This was the burgh/burh (most likely a fortified farm, but possibly a miniscule ‘fortress’) built, fortified or at least inhabited (and defended?) by Anglo-Saxon Deowuc9 some time between the late 6th century, when the first Angles arrived in the area, and c.900, when first Danish and later Irish Sea Vikings arrived. DH gave its name to the township: Deowuc’s burgh > Dokesbir’/Duckesberrie, etc. > Duxbury.10

I have not so far found any published references to any tentative sites for DB. My evidence for the site comes from proof of the location of Duxbury (Old) Hall, the reasonable assumption that the earliest DOH was close to its forerunner DB, and its proximity to “Duxbury Wood”, the only part of all the local woods named as such on various maps. An aerial photo8 shows that ‘something’ was here and field walking the area confirmed this site as the ‘most perfect’ one in the vicinity.


E. Grail Three: The Pele/Peel/The Pyle of Duckesberie (1998)

This was the home of the Senior STANDISHes of Duxbury from 1315 until c.1600. It has always been a mystery house with presumably a Pele tower. It is mentioned in only two documents in 1506/7 and 157711 and on Saxton’s map of 1577, where it was sited on the north bank of the Yarrow, a little west of the old Yarrow Bridge. This was repeated on Speed’s map of 1610/11.

Its name and location were then copied (often moved according to the whim of the cartographer) onto many subsequent maps until the 18th century, but by the time of the first detailed Duxbury Park Estate map in 1757, Pele had disappeared as a name, not named as a building, nor leaving its name in a field or any other feature, the house having presumably been demoted in the meantime to ‘just a farm’ and the Pele tower demolished. Saxton’s location has often been assumed to be a mis-siting of the building almost anywhere in the local area, suggested sites being similar to those offered for Duxbury (Old) Hall plus ‘my site’ for Deowuc’s Burgh. It has also been suggested that The Pele, Duxbury Park and Duxbury Hall were identical.12 They were not – they were three distinct sites.


F. Today/The End of my Quest (1998)

Although little or nothing remains to be seen at any of the sites, Deowuc (600-900) and Thomas DUXBURY (who sold DOH in 1524) would still recognise most of their fields and the same view all around, virtually unaltered since Anglo-Saxon times. If Henry de DUXBURY were to return, hunting for the mill he lost in 1315 to Hugh de STANDISH, he would still find at least the weir almost as he left it. I think my Quest is almost at an end. The Three Grails have lost their mystical status and become real sites. Maybe they will be excavated one day and maybe some Anglo-Saxon and medieval shards will appear to confirm the dates of the sites.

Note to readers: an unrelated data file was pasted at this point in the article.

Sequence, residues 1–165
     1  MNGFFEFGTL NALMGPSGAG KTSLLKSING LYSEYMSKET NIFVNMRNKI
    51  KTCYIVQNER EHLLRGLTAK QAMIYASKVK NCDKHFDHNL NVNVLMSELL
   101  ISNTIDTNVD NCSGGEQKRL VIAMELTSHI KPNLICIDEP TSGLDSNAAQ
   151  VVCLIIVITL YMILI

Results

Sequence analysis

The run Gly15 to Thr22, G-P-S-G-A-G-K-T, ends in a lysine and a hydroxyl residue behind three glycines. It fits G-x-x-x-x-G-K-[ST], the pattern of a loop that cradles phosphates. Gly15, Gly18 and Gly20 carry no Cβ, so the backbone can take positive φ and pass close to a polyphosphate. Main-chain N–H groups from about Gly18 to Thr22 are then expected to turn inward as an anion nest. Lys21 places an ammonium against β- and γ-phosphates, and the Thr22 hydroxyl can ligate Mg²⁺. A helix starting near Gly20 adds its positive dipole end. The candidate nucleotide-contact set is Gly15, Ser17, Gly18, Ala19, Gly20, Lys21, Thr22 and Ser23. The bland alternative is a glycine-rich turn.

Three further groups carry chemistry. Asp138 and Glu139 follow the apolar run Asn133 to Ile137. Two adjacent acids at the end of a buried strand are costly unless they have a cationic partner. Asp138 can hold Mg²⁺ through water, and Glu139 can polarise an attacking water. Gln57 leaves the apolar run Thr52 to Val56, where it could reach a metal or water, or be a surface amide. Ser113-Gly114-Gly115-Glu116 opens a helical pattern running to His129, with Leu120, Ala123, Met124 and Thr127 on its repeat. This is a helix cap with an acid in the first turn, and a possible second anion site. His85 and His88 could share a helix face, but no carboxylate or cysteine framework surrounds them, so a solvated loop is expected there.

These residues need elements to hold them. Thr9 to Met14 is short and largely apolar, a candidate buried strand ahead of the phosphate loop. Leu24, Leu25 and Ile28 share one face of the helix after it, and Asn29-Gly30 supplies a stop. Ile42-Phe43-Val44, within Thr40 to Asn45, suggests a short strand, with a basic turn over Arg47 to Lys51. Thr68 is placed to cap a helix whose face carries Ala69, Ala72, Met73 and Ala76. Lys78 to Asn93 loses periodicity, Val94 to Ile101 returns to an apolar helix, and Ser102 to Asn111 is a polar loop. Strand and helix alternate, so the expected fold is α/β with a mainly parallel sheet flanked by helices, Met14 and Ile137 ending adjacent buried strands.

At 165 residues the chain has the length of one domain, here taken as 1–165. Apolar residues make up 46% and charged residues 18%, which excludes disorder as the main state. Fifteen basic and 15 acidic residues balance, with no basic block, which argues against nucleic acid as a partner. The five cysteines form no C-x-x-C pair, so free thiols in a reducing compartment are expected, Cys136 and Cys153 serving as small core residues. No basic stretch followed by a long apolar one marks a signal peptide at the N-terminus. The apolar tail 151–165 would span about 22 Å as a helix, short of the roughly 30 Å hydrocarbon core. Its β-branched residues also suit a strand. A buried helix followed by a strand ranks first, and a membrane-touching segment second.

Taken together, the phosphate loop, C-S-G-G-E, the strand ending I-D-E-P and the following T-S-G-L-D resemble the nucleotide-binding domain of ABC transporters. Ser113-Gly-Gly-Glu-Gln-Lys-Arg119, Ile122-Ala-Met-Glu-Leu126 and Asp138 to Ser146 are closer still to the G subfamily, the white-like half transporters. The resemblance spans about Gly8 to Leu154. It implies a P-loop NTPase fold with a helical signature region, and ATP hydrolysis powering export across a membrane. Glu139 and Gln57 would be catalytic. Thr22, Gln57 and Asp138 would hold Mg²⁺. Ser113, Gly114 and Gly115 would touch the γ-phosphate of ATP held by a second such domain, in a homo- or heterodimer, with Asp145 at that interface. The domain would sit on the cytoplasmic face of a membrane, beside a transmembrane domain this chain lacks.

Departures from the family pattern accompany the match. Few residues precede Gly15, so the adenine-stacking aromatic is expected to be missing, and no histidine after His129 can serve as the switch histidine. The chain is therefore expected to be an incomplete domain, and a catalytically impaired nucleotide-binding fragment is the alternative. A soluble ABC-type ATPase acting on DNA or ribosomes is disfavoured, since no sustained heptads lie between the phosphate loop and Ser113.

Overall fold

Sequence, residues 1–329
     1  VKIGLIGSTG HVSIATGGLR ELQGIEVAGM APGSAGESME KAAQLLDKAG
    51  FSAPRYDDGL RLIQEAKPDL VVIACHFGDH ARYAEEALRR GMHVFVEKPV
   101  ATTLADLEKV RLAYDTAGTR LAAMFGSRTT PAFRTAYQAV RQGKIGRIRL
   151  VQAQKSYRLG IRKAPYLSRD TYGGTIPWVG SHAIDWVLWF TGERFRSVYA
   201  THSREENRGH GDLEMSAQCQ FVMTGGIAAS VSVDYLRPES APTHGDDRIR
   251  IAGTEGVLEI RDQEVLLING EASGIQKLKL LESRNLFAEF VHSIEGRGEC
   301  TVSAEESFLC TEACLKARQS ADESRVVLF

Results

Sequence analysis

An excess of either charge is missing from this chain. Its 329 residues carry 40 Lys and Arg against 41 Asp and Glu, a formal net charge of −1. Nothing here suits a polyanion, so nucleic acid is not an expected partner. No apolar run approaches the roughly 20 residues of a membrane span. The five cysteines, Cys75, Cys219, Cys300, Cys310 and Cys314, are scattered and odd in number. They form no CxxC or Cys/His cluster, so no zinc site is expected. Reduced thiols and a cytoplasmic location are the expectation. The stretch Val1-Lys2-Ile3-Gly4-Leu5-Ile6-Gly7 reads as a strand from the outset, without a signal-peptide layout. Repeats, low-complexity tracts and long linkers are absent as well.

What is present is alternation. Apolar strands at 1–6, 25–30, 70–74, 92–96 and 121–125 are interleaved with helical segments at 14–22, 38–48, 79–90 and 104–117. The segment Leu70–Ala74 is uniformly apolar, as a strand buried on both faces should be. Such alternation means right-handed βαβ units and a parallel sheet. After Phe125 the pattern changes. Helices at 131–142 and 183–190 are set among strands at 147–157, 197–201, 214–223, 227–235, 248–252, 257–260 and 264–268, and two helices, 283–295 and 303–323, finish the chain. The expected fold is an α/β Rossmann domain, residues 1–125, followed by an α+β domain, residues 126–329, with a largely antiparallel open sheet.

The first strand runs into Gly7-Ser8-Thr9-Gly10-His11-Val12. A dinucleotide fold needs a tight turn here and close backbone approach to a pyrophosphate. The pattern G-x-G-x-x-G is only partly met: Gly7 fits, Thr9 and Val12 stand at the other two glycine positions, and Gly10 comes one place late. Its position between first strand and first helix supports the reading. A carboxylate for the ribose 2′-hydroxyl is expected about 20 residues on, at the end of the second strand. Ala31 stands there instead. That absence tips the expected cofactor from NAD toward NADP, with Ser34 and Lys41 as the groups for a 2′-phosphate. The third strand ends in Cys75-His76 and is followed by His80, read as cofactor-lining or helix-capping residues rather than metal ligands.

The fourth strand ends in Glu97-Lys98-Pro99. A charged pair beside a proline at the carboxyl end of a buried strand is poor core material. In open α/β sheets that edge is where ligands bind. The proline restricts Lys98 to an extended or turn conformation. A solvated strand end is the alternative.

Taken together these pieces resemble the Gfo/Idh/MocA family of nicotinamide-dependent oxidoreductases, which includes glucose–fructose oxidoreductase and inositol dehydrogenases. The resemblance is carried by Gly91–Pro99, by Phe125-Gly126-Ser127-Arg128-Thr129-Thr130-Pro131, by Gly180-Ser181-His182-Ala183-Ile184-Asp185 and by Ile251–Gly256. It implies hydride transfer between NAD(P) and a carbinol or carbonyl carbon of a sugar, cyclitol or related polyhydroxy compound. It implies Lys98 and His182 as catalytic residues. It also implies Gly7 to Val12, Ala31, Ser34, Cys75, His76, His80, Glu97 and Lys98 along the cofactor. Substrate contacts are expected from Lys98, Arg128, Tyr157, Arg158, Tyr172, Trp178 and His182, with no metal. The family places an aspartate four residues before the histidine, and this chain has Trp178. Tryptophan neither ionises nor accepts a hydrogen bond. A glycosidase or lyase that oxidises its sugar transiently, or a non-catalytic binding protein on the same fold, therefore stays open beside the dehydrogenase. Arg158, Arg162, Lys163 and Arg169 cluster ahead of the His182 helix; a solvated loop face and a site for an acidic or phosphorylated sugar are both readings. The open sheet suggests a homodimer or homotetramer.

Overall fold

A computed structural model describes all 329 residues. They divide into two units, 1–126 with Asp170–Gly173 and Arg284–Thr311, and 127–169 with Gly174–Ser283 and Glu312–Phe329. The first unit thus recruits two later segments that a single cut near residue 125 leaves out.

Perhaps part of a goblet from which Deowuc might have drunk mead while listening to the saga of Beowulf, or Henry de DUXBURY while listening to a wandering minstrel singing the latest version from France or Germany of Perceval/Parzival and the Holy Grail?

[My original last sentence has been re-inserted. It somehow disappeared from the published version: lack of space? oversight?]


G. Notes and references (1998)

1. A Family Tree and the history of the Early DUXBURYs are appearing in a series of articles in Lancashire, the quarterly magazine of the Lancashire Family History and Heraldry Society. [These (will) appear in The Duxburys of Duxbury (Old) Hall.]

2. Perceval and the Grail first appeared in literature in Chrétien de Troyes’ 12th century romance “Le Conte du Graal”, later elaborated by Wolfram von Eschenbach in the 13th century in “Parzival”, a courtly epic. Richard Wagner adapted these stories for his last opera Parzival. I have identified myself with ‘naïve’ Perceval rather than the later ‘saintly’ Galahad for several reasons:

I often felt in the middle stages of my research that I was more ‘floundering’ than ‘saintly’. My undergraduate studies introduced me to these medieval poems, and they have remained my favourites. Since 1980 I have lived in Bavaria, where Wolfram von Eschenbach and Richard Wagner lived and wrote/composed. The centuries in which these poems were written are those of the DUXBURYs’ apogee.